Saturday, October 12, 2013

Lemons never Lie (Donald E. Westlake aka Richard Stark, 1971)

I'm not too keen on crime books in which heroes are ordinary people somehow sucked into the sinister underworld. True, occasionally this formula can function (can't remember a good example from the top of my head though) but Lemons Never Lie is definitely not one of those instances.

Alan Grofield is a stage actor that runs summer theater (whatever the hell that is?) in some rural godforsaken place. This requires money and he finances this whole operation by occasional theft. Because, you see, he's also a professional thief.

Could decent novel would ever be possible to come out of such a moronic premise? I don't think so, not even when written by one of the genre's greatest craftsmen.
After initial setup, it turns into cat-and-mouse kind of chase around USA involving Grofield and some insane psychopathic asshole Myers. It is written very simplistic and fast paced with a decent body count piling, so it is pretty easy read. Quite fluent too although on few occasions the whole thing becomes simply laughable. I think I shall remember it by one of the most original torturing scenes - our main man Grofield strips down some poor schmuck and starts opening the front door. Since outside is so cold, guy gets terrified of catching pneumonia and immediately spills everything out to his ruthless torturer. I kid you not, read it yourself (page 193) if you don't believe me.

Not good, not bad. Something you take on a plane and forget about when you arrive to your destination and pick up the next book.


A member of a increasingly disappearing breed of professionals, Alan Grofield was an actor who limited himself to live performances before live audiences.

Las Vegas, Mead Grove, Indiana, St. Louis, Monequois, New York

Body count: 6

None really. There's his understanding and artistic (also actress) wife but she hardly qualifies for a dame.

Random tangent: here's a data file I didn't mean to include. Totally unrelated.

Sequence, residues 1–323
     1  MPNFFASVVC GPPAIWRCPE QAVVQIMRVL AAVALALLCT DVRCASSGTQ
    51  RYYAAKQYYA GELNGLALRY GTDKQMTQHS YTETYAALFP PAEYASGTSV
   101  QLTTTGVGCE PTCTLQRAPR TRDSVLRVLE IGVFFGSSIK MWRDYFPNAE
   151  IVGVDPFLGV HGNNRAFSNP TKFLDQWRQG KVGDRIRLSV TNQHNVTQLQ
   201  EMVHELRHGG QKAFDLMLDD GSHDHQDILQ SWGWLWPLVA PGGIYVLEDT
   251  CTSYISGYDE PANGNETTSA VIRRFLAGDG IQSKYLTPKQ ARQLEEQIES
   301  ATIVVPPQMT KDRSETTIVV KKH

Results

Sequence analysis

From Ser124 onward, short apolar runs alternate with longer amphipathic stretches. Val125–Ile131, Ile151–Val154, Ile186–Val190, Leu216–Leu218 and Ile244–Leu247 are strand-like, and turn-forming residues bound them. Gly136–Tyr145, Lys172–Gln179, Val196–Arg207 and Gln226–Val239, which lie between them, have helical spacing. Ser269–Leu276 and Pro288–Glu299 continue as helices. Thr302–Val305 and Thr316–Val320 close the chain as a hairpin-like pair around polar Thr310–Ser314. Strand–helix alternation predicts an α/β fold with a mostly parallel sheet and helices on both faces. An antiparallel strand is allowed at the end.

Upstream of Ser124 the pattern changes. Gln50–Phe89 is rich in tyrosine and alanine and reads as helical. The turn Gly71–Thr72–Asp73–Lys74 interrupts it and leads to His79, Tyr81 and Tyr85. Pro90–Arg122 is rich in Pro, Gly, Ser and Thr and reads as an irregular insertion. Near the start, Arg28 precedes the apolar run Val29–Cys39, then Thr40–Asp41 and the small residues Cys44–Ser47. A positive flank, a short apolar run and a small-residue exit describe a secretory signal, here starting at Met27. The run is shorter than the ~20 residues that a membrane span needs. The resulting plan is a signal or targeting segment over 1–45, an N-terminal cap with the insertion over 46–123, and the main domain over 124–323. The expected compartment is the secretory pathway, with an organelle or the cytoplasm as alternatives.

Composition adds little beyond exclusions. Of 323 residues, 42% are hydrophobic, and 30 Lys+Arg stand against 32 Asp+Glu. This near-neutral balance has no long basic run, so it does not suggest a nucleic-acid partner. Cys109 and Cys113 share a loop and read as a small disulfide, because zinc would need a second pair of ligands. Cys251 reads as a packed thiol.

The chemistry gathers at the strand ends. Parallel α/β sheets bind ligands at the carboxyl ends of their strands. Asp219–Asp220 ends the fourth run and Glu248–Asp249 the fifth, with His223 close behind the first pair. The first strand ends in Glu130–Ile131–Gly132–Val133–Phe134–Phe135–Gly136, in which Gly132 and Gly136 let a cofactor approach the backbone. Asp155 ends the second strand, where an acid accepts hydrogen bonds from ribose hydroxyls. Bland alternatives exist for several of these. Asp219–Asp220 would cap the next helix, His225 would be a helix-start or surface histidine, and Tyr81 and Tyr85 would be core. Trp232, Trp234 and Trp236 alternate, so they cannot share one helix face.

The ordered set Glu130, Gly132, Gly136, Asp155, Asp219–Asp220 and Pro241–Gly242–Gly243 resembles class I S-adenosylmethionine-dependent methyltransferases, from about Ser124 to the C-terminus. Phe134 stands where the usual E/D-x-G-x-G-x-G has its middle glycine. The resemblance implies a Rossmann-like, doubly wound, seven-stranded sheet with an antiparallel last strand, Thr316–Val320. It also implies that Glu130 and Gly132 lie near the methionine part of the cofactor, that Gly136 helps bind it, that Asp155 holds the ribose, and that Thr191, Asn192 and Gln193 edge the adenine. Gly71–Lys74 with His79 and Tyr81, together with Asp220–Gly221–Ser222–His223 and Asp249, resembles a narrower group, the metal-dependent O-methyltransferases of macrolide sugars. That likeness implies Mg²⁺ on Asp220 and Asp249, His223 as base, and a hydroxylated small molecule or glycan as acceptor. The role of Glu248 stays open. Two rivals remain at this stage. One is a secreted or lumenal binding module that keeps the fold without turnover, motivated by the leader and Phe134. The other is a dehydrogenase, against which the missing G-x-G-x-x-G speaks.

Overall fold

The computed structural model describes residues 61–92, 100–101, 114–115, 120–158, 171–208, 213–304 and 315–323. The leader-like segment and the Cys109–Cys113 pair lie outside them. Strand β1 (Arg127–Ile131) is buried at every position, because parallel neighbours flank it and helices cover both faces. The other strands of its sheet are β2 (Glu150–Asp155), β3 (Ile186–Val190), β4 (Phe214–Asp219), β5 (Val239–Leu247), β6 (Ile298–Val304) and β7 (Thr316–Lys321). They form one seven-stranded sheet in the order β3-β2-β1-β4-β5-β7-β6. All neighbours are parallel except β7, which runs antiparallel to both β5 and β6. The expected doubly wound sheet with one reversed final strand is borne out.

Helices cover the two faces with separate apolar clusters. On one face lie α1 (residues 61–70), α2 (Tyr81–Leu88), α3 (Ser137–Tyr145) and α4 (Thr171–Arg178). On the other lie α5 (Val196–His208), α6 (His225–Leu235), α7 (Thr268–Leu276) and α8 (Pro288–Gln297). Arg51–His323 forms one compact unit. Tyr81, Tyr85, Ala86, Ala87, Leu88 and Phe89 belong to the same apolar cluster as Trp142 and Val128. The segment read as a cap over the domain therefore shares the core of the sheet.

Yes, two of them. And since our hero is hardly some bad ass criminal (although he is professional) we can forgive him for the both of them. None is described particularly vivid - In the first one "Grofield turned around and faced the wall. He knew what was coming, and hunched his head down into his neck, trying to make his skull soft and resilient. It didn't do any good. The lights went out very painfully." In the second one he was simply hit in the face by two-by-four and was subsequently out for mere 5 minutes.

One of those intriguing and funny wtf titles but it has really simple explanation. Right at the beginning Grofield scores jackpot (three lemons) on the slot machine and gets a little annoyed about it because he feels that he had used all his luck.

Pretty cool, although girl should be more in front I think. But very accurate, it depicts the corpse #3 and the fact that Grofield burns down the house in order to destroy all the evidence (I think) since he's such a professional. Credited to a guy R.B. Farrell but google search on him didn't come back with nothing useful.

Cool lines:  
Tired and aging mixed-race jazz quintet tried to figure out how to make transition to rock. So far, all they were sure of was the volume level; you couldn't hear yourself think. Looking at the conversations going on up and down the bar, and in the booths behind him, Grofield decided the place must be full of lip readers.

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